OVR is governed by federal law through the Rehabilitation Act of 1973, as amended, and by state law through the Vocational Rehabilitation Act, 43 P.S. § 682.1 et seq.  OVR provides vocational rehabilitation services to help persons with disabilities prepare for, obtain, or maintain employment.  OVR counselors assist clients in selecting vocational goals, services, and service providers, and are responsible for verifying the identity of the applicants, making initial application and eligibility determinations, recommending services, authorizing expenditures for the services, receiving and distributing purchased items, approving invoices and payment for the services, deciding when services are no longer necessary, and determining when a client has obtained a successful employment outcome.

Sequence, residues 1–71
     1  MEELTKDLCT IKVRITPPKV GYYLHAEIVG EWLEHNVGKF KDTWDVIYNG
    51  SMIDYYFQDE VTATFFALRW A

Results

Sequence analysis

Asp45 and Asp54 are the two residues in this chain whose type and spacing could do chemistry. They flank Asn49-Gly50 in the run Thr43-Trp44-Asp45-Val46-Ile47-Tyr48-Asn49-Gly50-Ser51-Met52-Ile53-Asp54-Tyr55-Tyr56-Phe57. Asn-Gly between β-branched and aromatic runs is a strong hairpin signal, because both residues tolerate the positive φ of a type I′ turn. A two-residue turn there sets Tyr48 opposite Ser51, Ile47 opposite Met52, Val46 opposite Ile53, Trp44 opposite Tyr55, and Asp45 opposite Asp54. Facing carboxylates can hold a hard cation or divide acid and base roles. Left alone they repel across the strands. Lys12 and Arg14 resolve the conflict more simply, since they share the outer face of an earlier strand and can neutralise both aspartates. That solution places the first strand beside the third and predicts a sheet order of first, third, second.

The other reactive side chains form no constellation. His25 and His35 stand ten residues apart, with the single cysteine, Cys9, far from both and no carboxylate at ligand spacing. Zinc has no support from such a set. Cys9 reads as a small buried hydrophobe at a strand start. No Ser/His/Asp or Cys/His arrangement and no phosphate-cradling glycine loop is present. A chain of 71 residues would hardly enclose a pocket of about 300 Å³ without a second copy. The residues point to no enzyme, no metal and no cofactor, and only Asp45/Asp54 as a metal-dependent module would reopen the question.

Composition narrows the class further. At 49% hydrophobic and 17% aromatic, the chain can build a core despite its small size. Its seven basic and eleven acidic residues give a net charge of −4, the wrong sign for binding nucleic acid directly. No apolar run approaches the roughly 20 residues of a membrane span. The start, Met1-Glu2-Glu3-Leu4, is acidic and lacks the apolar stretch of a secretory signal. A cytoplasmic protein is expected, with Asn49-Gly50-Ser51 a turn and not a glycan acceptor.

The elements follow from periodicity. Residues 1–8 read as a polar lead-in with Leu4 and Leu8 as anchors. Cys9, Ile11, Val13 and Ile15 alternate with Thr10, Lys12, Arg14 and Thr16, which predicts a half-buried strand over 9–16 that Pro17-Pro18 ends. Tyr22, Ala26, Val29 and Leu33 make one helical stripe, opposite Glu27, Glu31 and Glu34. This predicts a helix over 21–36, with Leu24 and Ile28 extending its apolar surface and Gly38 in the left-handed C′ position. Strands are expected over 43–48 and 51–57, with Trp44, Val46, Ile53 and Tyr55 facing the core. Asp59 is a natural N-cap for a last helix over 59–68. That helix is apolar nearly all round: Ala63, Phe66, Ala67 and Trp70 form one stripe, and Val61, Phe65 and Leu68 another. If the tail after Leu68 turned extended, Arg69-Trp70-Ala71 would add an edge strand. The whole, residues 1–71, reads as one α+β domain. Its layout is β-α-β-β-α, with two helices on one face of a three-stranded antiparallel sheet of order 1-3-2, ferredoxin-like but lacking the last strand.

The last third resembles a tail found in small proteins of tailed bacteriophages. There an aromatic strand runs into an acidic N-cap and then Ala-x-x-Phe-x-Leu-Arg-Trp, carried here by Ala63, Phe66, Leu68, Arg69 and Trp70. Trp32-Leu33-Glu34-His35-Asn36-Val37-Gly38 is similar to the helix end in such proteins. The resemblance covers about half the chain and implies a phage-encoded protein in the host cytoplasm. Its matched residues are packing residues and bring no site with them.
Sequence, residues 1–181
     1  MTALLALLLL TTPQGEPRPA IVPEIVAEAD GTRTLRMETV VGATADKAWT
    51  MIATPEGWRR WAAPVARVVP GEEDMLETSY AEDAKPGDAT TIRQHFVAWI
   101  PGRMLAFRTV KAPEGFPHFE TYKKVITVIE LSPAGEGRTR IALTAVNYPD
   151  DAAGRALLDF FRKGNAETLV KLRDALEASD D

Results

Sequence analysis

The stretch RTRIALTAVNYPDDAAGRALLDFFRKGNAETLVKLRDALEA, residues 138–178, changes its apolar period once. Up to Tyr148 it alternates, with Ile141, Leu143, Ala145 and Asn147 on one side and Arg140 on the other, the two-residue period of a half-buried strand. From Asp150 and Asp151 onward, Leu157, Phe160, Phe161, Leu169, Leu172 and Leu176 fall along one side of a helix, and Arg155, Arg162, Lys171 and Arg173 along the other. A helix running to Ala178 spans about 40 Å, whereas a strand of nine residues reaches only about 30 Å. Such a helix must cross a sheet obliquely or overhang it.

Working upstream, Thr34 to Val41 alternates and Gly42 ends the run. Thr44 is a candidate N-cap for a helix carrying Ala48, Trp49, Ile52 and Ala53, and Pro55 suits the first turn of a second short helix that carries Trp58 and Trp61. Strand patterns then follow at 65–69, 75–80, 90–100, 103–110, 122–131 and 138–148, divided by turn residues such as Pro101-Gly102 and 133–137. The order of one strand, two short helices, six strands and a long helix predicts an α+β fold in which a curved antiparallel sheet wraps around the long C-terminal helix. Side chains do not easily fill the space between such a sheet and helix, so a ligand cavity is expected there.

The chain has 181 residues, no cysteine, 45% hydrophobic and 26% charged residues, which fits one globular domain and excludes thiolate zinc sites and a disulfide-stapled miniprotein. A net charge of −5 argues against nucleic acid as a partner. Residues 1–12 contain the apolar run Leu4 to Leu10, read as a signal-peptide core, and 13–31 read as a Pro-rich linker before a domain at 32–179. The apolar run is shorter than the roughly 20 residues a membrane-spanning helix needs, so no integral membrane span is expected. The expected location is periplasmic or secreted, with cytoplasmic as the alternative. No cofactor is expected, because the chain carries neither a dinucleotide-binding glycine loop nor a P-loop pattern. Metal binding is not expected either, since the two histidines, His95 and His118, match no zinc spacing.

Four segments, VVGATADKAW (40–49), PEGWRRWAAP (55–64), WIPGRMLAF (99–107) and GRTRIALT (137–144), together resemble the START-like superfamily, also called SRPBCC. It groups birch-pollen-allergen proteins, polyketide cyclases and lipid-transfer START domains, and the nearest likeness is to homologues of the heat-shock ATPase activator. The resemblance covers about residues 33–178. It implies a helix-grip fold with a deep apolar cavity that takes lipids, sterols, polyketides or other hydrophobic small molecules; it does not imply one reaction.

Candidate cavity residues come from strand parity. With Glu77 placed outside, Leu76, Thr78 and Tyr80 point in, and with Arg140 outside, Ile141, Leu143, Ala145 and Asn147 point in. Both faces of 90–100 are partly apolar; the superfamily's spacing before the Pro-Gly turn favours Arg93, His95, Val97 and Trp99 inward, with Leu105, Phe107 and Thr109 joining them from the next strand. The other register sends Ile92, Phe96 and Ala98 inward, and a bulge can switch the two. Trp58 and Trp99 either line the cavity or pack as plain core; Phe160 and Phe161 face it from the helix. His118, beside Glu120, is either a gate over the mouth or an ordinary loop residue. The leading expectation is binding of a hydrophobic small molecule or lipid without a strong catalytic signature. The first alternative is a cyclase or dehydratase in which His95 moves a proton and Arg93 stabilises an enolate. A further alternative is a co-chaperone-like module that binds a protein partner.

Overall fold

After the issuance of the Interim Investigation Report, OIG’s review continued at the district office which was part of the initial review and also expanded to a second district office.  OIG made the following findings following its investigation at the first district office, which were communicated to the Department with recommendations for improvements in the OVR program.  The second district office received a complimentary report with no additional findings.




The lack of appropriate protocols for the approval of benefits and oversight of clients resulted in the misappropriation and waste of OVR funds paid directly to or on behalf of OVR clients.